I recently bought a ADS1115 ADC to use with my raspberry pi. It's getting signal from an amplifier, and I've been seeing this strange 5.5 Hz sinusoid (as noise).

Snapshot of noise, 1 second time window

As seen in the picture above, its about 5.5 Hz, roughly sinusoidal. A few observations:

  • Noise (5.5 Hz sinusoid) is present in my signal when ADC is connected to amplifier
  • When ADC is disconnected and input floating (with wire), noise is present (still 5.5 Hz sinusoid, less in amplitude).
  • When I ground the ADC input, I don't see the waveform

Any idea on what could be causing this? It's so low frequency and I'm totally stumped... I'm trying to figure out the source and then how to get rid of it... would appreciate any ideas!

  • 1
    \$\begingroup\$ what's your sample rate? Is it 5.5Hz away from local mains frequency or one of its harmonics? \$\endgroup\$
    – Neil_UK
    Jan 10, 2018 at 5:55
  • 1
    \$\begingroup\$ This doesn't directly answer your question, but it may be useful. \$\endgroup\$ Jan 10, 2018 at 6:03
  • \$\begingroup\$ Sample rate is about 200 Hz. The pi is plugged into an AC to USB plug, and the ADC is about 1 meter from the pi. It's communicating via I2C. \$\endgroup\$
    – joe_lou
    Jan 10, 2018 at 6:12
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    \$\begingroup\$ What if you change your sampling frequency? To 210 Hz? 250Hz? 880 Hz? Do you see the same 5.5 Hz? If you touch internals of your amplifier, do you still have the same? Are you familiar with effects of frequency aliasing? \$\endgroup\$ Jan 10, 2018 at 7:33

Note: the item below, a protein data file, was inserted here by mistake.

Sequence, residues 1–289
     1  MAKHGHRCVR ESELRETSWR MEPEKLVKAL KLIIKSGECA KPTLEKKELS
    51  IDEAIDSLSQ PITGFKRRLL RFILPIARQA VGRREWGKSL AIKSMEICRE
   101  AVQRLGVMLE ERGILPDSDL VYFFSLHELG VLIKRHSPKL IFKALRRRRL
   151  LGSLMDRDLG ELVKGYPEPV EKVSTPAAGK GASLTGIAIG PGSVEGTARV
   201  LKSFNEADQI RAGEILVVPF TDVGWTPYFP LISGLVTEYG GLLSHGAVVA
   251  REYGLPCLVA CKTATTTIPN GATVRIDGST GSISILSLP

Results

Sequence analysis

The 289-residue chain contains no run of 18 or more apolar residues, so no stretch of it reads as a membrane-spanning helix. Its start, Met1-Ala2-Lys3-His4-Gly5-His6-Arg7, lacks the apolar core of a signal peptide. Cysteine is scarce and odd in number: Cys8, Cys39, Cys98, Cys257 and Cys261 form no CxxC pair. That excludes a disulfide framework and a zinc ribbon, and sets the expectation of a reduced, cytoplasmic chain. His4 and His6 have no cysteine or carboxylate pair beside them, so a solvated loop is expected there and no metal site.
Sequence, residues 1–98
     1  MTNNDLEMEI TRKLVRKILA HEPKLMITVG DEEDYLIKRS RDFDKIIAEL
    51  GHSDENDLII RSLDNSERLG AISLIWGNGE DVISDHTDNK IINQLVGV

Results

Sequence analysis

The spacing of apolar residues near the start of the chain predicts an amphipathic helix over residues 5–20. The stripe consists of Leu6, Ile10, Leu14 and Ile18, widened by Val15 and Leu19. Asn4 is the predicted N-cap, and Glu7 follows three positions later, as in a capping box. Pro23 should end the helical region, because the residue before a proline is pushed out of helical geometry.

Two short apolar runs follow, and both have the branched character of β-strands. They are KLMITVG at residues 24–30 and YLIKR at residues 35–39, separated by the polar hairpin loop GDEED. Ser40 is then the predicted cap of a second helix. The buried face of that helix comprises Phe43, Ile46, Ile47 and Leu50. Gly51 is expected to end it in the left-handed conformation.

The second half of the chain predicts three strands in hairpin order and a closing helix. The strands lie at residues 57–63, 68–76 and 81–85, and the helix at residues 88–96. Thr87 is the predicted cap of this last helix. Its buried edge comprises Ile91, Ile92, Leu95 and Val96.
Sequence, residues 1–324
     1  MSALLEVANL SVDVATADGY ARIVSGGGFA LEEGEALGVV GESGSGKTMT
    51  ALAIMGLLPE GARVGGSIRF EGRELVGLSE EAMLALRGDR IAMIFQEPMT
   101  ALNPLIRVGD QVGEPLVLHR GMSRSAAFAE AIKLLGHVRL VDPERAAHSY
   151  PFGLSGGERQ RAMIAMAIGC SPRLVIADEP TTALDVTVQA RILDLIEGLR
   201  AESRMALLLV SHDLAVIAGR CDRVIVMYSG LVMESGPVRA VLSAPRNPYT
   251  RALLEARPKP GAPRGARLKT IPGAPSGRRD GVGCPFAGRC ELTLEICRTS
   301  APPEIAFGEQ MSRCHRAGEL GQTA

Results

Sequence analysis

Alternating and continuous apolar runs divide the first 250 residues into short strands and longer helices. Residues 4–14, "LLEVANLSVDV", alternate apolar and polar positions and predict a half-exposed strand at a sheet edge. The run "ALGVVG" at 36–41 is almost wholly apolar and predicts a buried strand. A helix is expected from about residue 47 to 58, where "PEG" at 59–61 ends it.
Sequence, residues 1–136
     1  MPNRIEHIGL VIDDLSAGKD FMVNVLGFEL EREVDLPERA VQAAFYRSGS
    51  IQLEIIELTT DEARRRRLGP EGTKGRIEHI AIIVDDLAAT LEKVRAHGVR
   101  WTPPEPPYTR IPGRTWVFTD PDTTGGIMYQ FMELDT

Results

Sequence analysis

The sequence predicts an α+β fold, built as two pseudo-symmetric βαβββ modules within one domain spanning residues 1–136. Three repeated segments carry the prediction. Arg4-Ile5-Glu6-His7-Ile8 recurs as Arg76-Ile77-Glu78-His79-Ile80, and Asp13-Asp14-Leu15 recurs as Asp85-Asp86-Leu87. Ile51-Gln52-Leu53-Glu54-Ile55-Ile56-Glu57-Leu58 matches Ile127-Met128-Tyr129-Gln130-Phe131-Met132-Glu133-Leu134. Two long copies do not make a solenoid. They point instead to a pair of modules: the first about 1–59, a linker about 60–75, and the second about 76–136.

• \$\begingroup\$ Actually, when I reduce sample rate to around 65 hz I do still see the same 5.5 Hz... \$\endgroup\$
    – joe_lou
    Jan 10, 2018 at 13:48

1 Answer 1


Aliasing is a distinct possibility.

If your local AC mains frequency is (say) 51.375 Hz and there are load currents in your house wiring that are harmonically rich, the 4th harmonic would be at a frequency of 205.5 Hz. If this harmonic infiltrates your signal wiring prior to the ADC then you will get 5.5 Hz content in your digital values: -

enter image description here

In the picture above the red waveform can be regarded as picked-up interference at 205.5 Hz. The black dots represent sample points at a rate slightly slower (200 Hz) and the blue line represents the aliased signal in your digital values (5.5 Hz).

  • \$\begingroup\$ Thanks -- how can I isolate this noise? Or is it something I just need to deal with and digitally filter out? \$\endgroup\$
    – joe_lou
    Jan 10, 2018 at 13:24
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    \$\begingroup\$ You cannot filter out aliased noise because the act of aliasing has already pushed it into the base band alongside (or even on top of) your desired signal. All you can do is put a low pass analogue filter in front of the ADC's input to reduce the effects. That sort of filter is called (not surprisingly) an anti-alias filter. So if circa 200 Hz is the problem then you want a filter that reduces the 200 Hz content significantly whilst allowing the desired baseband top frequency into the ADC's input. \$\endgroup\$
    – Andy aka
    Jan 10, 2018 at 13:36

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